How Big Data Is Changing the Business Analyst Job Description

By Robert Half on April 2, 2014 at 7:00am

Too Big to Ignore: The Business Case for Big Data, a current business title, seems to sum up the current thinking: Big data will change everything about the way business is done. The advent of big data promises to breathe new life into the business analyst job description, opening new avenues of responsibilities and corresponding increases in salaries.

To become a senior business analyst, you need three to five years of experience in the role, along with strong technology and analytical and skills.

A senior business analyst is expected to perform tasks such as assisting with the implementation and support of business information systems across multiple departments. In addition, a senior business analyst is often required to conduct market analysis, and to analyze both product lines and the overall profitability of the business.

Other responsibilities of a senior business analyst may include:

  • Developing and sharing reports that enable advertising, customer service, finance, sales and marketing managers to make better business decisions by understanding geography, supply chain and price.
  • Ensuring that business data and reporting needs are met.
  • Developing and monitoring data quality metrics.

Clearly, these responsibilities mesh well with a big data future. TechRepublic’s Mary Schacklett would agree: “A big data team in most cases minimally requires an astute business analyst who can work with the end business so the right analytics queries are formed.”  

Kupe Kupersmith heralds the major transformation that big data will bring to the business analyst job description. He writes that the business analyst job of the future will see the business analyst working less in project teams and more in “strategy roles like enterprise or strategic BAs, business architecture, management consulting, and managing lines of business.”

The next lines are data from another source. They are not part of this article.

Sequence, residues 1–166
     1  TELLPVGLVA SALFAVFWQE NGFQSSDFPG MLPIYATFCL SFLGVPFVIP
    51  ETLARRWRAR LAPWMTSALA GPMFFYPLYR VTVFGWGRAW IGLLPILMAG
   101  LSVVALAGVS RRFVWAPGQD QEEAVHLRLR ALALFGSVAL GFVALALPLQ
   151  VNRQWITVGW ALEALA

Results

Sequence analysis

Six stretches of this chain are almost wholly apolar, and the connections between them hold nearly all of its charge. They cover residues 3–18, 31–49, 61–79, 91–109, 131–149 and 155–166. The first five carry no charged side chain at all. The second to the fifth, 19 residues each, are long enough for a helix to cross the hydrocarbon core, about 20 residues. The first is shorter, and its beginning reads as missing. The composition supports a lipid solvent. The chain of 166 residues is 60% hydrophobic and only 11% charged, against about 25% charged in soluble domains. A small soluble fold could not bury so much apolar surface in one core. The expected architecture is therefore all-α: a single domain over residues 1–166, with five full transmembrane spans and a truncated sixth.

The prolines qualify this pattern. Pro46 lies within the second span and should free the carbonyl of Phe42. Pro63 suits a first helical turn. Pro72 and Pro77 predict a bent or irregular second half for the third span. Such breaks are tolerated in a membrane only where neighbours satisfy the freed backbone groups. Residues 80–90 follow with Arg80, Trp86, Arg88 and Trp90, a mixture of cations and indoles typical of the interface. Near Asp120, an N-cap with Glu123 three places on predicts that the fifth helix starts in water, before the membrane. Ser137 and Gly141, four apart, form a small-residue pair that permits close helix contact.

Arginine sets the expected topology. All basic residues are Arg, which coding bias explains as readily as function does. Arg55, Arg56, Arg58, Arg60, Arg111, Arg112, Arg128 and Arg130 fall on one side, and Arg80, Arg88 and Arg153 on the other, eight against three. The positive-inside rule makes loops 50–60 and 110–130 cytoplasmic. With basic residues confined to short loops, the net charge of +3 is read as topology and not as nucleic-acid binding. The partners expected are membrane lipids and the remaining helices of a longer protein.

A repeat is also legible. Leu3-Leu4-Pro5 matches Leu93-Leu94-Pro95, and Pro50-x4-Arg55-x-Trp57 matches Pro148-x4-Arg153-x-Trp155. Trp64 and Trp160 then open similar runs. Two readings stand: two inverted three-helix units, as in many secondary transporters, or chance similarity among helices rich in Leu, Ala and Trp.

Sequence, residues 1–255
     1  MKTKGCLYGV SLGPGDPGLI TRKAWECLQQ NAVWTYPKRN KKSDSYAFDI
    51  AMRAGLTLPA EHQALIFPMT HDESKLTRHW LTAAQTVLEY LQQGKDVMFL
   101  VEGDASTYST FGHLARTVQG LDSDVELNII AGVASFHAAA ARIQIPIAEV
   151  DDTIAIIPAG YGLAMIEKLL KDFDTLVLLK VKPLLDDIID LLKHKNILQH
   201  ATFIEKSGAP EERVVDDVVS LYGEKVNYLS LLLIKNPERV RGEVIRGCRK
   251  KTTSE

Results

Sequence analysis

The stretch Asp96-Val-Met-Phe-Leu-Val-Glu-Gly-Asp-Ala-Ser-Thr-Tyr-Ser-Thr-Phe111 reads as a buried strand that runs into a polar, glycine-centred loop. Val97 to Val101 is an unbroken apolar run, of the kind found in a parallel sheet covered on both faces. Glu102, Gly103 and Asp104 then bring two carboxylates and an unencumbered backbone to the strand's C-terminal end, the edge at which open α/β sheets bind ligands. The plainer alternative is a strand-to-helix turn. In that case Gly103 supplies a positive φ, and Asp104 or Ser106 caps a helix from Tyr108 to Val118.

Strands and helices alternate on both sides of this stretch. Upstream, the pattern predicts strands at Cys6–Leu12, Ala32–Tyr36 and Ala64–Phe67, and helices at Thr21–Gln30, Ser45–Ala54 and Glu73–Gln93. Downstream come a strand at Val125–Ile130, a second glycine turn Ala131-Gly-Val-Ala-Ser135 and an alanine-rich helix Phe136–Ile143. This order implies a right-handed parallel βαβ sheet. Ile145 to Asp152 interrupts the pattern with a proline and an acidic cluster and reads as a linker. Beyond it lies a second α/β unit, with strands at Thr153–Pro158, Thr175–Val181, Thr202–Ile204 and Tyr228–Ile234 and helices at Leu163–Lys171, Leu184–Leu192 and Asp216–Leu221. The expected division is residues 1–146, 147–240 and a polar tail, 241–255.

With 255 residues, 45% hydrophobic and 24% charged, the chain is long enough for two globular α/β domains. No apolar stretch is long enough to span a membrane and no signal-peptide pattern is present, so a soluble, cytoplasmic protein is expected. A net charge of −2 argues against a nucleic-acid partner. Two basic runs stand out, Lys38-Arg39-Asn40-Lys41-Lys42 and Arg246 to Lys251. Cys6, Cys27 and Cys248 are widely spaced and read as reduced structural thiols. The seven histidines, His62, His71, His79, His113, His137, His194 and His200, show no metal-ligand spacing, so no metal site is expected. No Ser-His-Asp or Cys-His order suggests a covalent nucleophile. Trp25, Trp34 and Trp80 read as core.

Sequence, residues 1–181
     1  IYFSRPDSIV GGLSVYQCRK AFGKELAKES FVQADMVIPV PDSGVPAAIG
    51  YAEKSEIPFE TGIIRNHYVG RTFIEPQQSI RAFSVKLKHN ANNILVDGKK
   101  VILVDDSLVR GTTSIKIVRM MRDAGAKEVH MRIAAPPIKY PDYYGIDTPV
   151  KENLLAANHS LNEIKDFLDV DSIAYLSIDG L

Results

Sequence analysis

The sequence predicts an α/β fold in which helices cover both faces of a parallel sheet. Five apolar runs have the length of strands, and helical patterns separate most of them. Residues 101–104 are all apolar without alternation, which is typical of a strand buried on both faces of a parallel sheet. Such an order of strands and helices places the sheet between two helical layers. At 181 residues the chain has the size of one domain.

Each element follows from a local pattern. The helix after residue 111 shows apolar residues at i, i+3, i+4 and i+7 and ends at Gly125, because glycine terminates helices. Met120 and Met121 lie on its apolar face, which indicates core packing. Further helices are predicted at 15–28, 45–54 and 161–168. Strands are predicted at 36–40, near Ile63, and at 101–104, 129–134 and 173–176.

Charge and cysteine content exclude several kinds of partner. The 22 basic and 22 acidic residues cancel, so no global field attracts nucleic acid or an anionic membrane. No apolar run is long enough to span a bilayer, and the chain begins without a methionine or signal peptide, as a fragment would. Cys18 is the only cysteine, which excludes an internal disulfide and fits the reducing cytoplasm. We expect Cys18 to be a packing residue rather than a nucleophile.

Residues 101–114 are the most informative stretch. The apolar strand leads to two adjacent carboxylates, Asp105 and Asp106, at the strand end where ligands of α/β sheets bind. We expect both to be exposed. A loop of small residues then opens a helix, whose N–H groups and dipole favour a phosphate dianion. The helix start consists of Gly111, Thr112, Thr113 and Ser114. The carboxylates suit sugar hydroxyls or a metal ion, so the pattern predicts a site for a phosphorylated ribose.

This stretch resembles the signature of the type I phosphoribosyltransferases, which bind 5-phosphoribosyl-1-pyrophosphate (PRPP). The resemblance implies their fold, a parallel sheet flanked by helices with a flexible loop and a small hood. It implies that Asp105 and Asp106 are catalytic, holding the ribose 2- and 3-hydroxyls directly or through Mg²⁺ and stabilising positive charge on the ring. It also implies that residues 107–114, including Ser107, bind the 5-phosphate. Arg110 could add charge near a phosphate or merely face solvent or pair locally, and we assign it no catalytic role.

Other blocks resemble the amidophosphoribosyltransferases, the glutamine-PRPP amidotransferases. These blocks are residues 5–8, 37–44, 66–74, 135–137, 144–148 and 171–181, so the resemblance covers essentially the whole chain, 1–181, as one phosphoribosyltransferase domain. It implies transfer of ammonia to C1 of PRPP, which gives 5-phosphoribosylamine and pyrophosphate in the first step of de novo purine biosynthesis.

Encouraging numbers

Consider this encouraging metric for the business analyst role: According to the 2014 Salary Guide from Robert Half, salaries for business analyst managers in finance and accounting at large companies are expected to range from $83,500 to $119,000, an increase of 4.3 percent over 2013. A recent article from Robert Half Technology notes that business intelligence analysts are seeing a average starting salary increase of 7.4 percent.

One of the most exciting aspects of big data’s impact on the business analyst job description is that these professionals now inform key decisions and serve as business partners across multiple departments to provide the story behind the numbers.

High-paying big data jobs await analysts with the right blend of knowledge and skills.

Asking the right questions

New York Times reporter Steve Lohr, based on research from Tom Davenport, sums up the value the business analyst will play in big data’s future. Taking advantage of big data will include the ability to ask the right questions, such as:

  • How do you define the problem?
  • What data do you need?
  • Where does it come from?
  • What are the assumptions behind the model that the data is fed into?
  • How is the model different from reality?

These skills have always been part of the business analyst’s toolbox, but the vastness of big data requires an exponential increase in the business analyst’s ability to tell a compelling story based on the right data.The business analyst of the future will use the analytical skills of today to skillfully — and lucratively — navigate the intricacies of a big data world. The knowledge they bring will, in fact, help narrow the margin of error for businesses by capturing key analytics and enabling sound business decisions.

More resources

If you’re a business analyst who is interested in finding new project and interim work opportunities, Robert Half Management Resources can be a valuable resource in your search. Explore our site to find assignments in your local area.

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8 Common Business Analyst Interview Questions: Whether you’re just embarking on the business analyst career path or you’re a longtime professional in the field, preparing to address common types of business analyst interview questions can help ensure you’re ready to impress a potential employer when you’re looking for projects. See this post for tips.


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